|Price Per Ton||$200||$900|
|Price Per Pound||$0.10||$0.45|
| Price Per Foot of |
So for estimating purposes we can say the new price is $12.85 per foot, and the scrap price is $2.85 per foot. Somewhere in this range is a value for reuse for structural purpose. Also take into account the value added at different stages going up the sales chain. One wholesaler might cut the pipe in ten foot lengths and bevel or end finish each end of the pipe. Another shop might weld on a length to a 20′ length to make it a 35′ joint for use in a particular piling job that requires that length. The customizations are as varied as the types of usage. Other structural uses might be for corrals, fence posts, flag poles, bridge railings, cattle guards, or even re-use as a pipeline or driven as pile for strengthening supports. One yard in Oklahoma uses 22″ diameter line pipe by splitting it longitudinally and welding plate on the sides to make feed troughs for cattle feed lots. They have satisfied a healthy demand for many years for this product. All of these items are worth what they will bring based on price, condition, demand, and availability. They are all worth a great deal more than scrap, but to a pipeliner, they may be seen only as scrap.
To factor in net value, it is necessary to factor in the following costs among several costs related to pipe removal:
|Additional Cost Factor||Approximate Cost (per foot)|
|Purchase of pipe from owner||$0.35|
The above table is an overview of additional costs to factor into the net value of used pipe in today’s market. These costs come to $2.60 per foot, which is very close to break even at scrap values, if scrap prices were that high. There are lots of variables, but scrap is only a back up in case all else fails and there is no structural market. It is very important to note that a non-qualified track hoe operator can make scrap out of the best pipe ever laid. If he is not careful, he can ding, dent, scrape and bow any pipe into junkyard iron.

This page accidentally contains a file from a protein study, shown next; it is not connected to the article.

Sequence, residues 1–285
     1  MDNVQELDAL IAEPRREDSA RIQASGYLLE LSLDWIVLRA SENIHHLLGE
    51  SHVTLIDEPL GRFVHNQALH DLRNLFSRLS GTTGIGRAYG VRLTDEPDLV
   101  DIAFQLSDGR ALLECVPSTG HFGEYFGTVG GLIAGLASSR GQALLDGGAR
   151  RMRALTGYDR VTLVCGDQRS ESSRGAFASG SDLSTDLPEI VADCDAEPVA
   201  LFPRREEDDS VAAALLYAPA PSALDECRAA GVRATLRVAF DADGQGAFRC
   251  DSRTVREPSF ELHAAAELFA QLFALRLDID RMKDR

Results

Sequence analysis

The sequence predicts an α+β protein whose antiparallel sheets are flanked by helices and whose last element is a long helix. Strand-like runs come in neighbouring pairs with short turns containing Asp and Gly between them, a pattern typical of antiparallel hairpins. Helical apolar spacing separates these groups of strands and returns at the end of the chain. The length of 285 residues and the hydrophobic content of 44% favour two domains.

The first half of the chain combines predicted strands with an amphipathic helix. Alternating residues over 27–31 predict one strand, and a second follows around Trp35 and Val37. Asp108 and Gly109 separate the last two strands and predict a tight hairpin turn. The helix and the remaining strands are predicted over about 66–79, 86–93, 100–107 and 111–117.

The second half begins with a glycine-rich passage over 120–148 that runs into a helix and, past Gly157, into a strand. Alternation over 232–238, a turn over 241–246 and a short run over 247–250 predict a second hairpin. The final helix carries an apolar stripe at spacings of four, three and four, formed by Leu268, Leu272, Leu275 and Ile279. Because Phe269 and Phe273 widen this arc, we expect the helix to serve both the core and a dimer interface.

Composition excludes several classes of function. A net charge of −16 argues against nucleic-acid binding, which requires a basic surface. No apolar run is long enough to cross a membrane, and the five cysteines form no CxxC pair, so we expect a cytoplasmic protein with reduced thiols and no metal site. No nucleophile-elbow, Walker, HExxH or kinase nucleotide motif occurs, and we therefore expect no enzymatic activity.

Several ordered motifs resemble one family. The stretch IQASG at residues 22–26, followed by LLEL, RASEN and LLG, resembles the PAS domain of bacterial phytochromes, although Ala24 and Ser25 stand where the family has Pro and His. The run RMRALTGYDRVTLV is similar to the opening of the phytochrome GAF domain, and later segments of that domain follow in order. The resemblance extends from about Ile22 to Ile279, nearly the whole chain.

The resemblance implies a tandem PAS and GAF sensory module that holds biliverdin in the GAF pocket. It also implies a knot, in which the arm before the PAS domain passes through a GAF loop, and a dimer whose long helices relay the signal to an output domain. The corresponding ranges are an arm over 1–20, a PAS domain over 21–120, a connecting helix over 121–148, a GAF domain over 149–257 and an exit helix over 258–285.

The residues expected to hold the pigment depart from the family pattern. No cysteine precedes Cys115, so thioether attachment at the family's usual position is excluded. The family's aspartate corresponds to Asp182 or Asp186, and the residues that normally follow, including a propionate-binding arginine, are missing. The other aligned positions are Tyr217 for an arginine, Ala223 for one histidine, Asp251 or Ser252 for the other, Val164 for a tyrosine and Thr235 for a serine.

This is a long explanation to determine value, however you might consider a short cut method to give you a rough estimate of used pipe value:
(Sell Price – Costs) x Line Length x 90%
If you know you can sell the used pipe for $400 per ton ($0.20 per pound, $5.71 per foot), subtract the take-up and cleaning costs, then the pipe might be worth a net of $2.25 per foot. Multiply by the length of the line and subtract 10% for losses and damaged pipe to come up with approximately $2 per foot value of the vintage pipe after removal.
It is important to mention costs of transportation. As of the date of this writing (June 2010), trucking costs to bring pipe to Houston to be cleaned, straightened, cut, re-welded or worked in any way for the purpose of exporting through the Port of Houston is about $1.75 per loaded mile. Rates can vary from $1.50 to $2.25 per loaded mile.
In the course of due diligence, it is necessary to survey the pipeline by riding the length of it and looking for unforeseen hazards like lakes, rivers, expensive crops, marshland, wildlife refuge areas, other environmentally sensitive areas, and encroachments of all kinds. Often, you will find a home, barn or a trailer erected over the right of way which will have to be dealt with.
It is then important to have a qualified operator dig a bell hole over one section of the pipe to 1.) Confirm the pipe is there, and the depth it is buried and 2.) Verify the size, and determine the condition.
This confirmation and verification should be done by a qualified inspector. During the inspection, a sample of the coating can be examined to determine its composition. This part of the investigation is particularly important as asbestos presence can have an impact on costs of removal of the pipe and disposal of the residue of asbestos containing materials. See Figure 3.